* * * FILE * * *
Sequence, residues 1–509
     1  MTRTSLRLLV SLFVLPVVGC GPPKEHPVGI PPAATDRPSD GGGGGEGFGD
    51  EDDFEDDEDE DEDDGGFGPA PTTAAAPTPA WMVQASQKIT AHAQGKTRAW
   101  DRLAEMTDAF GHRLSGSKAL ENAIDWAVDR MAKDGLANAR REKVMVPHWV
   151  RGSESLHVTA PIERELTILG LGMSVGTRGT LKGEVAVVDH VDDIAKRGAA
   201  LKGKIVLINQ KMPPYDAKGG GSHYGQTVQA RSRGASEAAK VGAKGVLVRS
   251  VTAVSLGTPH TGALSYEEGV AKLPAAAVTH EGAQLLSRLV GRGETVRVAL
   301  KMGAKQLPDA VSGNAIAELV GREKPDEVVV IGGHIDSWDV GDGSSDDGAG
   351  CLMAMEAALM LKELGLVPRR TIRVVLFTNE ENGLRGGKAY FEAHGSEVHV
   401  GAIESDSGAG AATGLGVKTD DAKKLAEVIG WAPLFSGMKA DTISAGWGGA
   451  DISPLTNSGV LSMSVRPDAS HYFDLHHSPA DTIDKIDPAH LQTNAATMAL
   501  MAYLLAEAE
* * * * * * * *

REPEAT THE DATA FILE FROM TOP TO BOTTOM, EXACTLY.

Sequence, residues 1–509
     1  MTRTSLRLLV SLFVLPVVGC GPPKEHPVGI PPAATDRPSD GGGGGEGFGD
    51  EDDFEDDEDE DEDDGGFGPA PTTAAAPTPA WMVQASQKIT AHAQGKTRAW
   101  DRLAEMTDAF GHRLSGSKAL ENAIDWAVDR MAKDGLANAR REKVMVPHWV
   151  RGSESLHVTA PIERELTILG LGMSVGTRGT LKGEVAVVDH VDDIAKRGAA
   201  LKGKIVLINQ KMPPYDAKGG GSHYGQTVQA RSRGASEAAK VGAKGVLVRS
   251  VTAVSLGTPH TGALSYEEGV AKLPAAAVTH EGAQLLSRLV GRGETVRVAL
   301  KMGAKQLPDA VSGNAIAELV GREKPDEVVV IGGHIDSWDV GDGSSDDGAG
   351  CLMAMEAALM LKELGLVPRR TIRVVLFTNE ENGLRGGKAY FEAHGSEVHV
   401  GAIESDSGAG AATGLGVKTD DAKKLAEVIG WAPLFSGMKA DTISAGWGGA
   451  DISPLTNSGV LSMSVRPDAS HYFDLHHSPA DTIDKIDPAH LQTNAATMAL
   501  MAYLLAEAE